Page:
Wilson, Atwood S.(born: 1895 - died: 1967)
Atwood S. Wilson was a chemist, educator, civil rights leader and community leader in Louisville, KY. He was born in the California neighborhood of Louisville to Allen and Mary Wilson. A 1910 graduate of Central High School in Louisville, he graduated magna cum laude from Fisk University in 1915 with a major in science and mathematics. He went on to earn a B.S. in chemistry in 1920 and a M.S. in education in 1934 from the University of Chicago. He first taught at State Street High School, located in the Shake Rag District of Bowling Green, KY, beginning in 1915, then left the school in 1917 to serve as a chemistry researcher in Washington, D. C. at the American University Experiment Station during World War I.
After the war, Wilson returned to Louisville and served as secretary-treasurer of the Kentucky Negro Educational Association (KNEA) from 1922-1942. He also chaired the organization's Merger Committee, which led in the integration of Kentucky's educational organizations, the KNEA and KEA. In 1928, Wilson was named the first principal of Madison Junior High [the school was later named Russell Junior High]. In 1934, Wilson became principal of Central High School and led the planning and building of the new Central High School, which opened in 1952; it was the first comprehensive high school in Kentucky. Wilson was also principal of the Central High Adult Night School, grades 1-12, from which he retired in 1963.
During his tenure, he also held a number of appointments, including membership on the executive committee of the National Youth Administration in Kentucky. In 1944, Wilson was appointed a trustee on the Board of the Louisville Free Public Library, and in 1948 he presented the resolution that abolished segregation at the main library building. Wilson was the first African American in the South to be recognized with a citation for his service on a library board. He received many other awards, including the Silver Beaver Award for his distinguished service to the Boy Scouts of America, presented to him in person by President Hoover in 1933. Wilson also received an honorary Doctor of Humanities from Simmons University [Kentucky] in 1954. In recognition of his contributions, in 1974 the Kentucky Education Association co-named an award in his honor: "The Lucy Harth Smith-Atwood S. Wilson Award for Civil and Human Rights in Education."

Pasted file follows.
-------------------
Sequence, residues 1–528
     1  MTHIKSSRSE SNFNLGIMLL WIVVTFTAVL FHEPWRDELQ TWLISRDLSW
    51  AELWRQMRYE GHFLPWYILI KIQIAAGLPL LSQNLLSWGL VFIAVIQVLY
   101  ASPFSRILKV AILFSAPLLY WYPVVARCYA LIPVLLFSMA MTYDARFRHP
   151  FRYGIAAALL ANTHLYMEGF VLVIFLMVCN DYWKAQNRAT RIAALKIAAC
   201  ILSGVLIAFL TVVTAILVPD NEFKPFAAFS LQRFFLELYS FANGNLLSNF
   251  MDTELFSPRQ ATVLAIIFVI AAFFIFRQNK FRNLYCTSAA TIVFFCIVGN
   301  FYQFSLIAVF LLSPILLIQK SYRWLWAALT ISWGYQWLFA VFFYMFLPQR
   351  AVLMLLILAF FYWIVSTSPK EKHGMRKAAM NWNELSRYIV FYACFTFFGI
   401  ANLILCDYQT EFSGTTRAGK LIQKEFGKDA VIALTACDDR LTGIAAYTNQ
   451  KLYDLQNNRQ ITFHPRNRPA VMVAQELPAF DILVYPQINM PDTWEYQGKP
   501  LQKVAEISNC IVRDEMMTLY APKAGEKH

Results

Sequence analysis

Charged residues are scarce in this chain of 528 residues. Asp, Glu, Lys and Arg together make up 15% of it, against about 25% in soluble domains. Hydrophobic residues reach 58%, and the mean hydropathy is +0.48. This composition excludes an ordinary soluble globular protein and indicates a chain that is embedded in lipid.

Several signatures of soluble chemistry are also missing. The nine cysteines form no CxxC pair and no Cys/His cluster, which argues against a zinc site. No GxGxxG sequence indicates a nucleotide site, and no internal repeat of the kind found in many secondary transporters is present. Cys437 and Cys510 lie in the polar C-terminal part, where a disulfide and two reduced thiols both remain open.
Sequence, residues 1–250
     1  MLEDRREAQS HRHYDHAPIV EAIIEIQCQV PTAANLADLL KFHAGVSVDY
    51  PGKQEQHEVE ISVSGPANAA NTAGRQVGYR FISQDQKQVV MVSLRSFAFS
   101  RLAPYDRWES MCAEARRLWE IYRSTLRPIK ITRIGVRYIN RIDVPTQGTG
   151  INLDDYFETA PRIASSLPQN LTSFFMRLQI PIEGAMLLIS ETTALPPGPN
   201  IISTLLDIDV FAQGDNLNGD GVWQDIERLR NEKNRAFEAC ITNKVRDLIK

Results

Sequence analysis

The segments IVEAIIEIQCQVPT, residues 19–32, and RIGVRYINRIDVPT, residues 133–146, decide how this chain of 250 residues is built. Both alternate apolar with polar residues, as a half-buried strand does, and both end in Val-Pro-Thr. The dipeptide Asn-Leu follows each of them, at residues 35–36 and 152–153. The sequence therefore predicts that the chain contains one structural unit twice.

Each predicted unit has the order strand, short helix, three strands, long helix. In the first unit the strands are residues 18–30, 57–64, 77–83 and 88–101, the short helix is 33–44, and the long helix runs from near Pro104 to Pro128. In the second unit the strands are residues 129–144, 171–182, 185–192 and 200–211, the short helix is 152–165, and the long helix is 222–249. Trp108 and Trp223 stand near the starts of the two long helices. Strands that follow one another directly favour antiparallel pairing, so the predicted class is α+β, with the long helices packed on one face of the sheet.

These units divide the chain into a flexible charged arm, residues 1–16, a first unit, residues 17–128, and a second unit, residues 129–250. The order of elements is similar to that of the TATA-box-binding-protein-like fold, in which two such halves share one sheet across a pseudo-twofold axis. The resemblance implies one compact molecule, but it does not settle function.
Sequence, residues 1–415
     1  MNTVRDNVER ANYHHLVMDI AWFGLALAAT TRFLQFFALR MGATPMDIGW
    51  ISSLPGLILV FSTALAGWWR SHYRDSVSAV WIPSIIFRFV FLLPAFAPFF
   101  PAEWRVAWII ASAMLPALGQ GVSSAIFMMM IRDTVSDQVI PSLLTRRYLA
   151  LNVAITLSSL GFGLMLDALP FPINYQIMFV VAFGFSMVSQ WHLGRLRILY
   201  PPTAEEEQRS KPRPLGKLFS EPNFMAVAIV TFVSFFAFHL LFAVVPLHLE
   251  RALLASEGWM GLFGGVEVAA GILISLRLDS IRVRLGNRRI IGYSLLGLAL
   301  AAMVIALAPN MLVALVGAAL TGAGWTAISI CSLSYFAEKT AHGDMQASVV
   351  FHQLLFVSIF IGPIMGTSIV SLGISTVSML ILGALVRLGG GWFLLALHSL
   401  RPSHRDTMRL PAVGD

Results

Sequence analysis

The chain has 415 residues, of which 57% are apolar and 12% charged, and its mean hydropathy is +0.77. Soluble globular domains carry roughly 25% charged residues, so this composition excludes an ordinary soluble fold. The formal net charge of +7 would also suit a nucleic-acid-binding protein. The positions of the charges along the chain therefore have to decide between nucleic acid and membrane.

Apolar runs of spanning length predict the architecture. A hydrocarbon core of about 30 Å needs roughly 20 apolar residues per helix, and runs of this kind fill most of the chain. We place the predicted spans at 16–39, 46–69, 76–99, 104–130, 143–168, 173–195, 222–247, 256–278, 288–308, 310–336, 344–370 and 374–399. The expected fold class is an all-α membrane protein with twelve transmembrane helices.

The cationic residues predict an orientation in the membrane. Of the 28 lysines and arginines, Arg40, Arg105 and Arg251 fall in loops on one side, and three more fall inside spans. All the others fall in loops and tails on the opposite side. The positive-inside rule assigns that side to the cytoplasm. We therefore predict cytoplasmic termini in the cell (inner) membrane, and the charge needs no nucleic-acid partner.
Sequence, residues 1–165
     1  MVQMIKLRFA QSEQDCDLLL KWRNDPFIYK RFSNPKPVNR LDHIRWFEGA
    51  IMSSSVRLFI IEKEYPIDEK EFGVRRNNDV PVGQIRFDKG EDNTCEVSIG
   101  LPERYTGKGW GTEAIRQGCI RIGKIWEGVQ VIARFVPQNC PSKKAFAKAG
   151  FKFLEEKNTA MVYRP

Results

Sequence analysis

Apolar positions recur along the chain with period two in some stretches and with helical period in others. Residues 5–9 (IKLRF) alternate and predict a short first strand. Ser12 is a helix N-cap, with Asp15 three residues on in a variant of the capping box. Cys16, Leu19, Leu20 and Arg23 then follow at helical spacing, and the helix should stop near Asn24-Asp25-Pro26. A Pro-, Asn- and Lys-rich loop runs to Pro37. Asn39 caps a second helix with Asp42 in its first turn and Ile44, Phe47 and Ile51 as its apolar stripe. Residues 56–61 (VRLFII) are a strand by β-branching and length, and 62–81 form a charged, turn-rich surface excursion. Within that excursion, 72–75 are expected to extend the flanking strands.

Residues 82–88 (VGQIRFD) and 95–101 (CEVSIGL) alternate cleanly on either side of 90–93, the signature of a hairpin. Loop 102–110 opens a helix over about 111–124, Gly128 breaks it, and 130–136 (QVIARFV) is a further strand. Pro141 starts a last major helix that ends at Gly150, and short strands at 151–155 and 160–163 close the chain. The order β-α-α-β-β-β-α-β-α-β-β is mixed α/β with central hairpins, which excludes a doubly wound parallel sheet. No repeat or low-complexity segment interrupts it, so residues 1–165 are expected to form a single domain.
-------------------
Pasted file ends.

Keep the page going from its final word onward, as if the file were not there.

Atwood S. Wilson is mentioned in several biographies on the life of Muhammad Ali; Wilson encourage Ali [then known as Cassius Clay] to finish high school, though he was at the bottom of his class. Wilson was impressed by Ali's dedication and work ethic toward becoming a world boxing champion. In 2000, Wilson was inducted into the Kentucky Commission on Human Rights' Hall of Fame, and, in 2005, was among the first inductees to the Central High School Distinguished Hall of Fame. Atwood S. Wilson was the grandfather of Kentucky Appeals Court Judge Denise Clayton. Information for this entry was submitted by Mrs. Susie M. Guess, daughter of Atwood S. Wilson. See also pp. 20-21 in Muhammad Ali. by A. O. Edmonds.